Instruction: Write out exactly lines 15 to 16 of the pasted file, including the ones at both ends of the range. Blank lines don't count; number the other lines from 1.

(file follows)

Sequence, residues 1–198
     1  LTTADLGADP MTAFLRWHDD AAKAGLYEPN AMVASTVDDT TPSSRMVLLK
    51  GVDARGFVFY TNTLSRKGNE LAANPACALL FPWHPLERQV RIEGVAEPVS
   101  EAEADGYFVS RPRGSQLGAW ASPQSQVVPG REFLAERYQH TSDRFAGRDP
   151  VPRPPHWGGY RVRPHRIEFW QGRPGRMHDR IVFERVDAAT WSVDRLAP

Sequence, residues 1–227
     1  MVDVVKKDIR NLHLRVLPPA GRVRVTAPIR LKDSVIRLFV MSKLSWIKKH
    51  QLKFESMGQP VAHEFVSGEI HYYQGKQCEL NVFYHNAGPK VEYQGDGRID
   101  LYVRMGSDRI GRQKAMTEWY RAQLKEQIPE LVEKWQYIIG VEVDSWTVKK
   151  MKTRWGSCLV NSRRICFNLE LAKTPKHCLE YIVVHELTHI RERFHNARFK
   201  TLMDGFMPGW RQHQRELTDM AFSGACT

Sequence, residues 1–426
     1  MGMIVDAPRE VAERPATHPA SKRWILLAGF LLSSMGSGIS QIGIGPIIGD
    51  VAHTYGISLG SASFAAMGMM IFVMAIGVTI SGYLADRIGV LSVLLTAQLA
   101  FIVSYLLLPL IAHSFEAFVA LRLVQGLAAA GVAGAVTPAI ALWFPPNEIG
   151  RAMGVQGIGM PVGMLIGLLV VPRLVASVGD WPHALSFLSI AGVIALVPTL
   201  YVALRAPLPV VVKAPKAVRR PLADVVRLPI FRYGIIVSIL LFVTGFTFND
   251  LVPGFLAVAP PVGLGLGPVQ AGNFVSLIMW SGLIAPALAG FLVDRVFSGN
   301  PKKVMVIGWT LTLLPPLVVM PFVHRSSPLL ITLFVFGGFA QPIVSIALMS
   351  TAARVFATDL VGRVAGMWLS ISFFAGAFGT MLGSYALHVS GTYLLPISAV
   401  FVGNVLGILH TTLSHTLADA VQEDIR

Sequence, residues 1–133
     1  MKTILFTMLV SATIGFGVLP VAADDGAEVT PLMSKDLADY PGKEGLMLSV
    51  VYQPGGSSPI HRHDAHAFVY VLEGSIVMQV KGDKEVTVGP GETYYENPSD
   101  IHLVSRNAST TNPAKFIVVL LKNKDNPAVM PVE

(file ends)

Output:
   101  FIVSYLLLPL IAHSFEAFVA LRLVQGLAAA GVAGAVTPAI ALWFPPNEIG
   151  RAMGVQGIGM PVGMLIGLLV VPRLVASVGD WPHALSFLSI AGVIALVPTL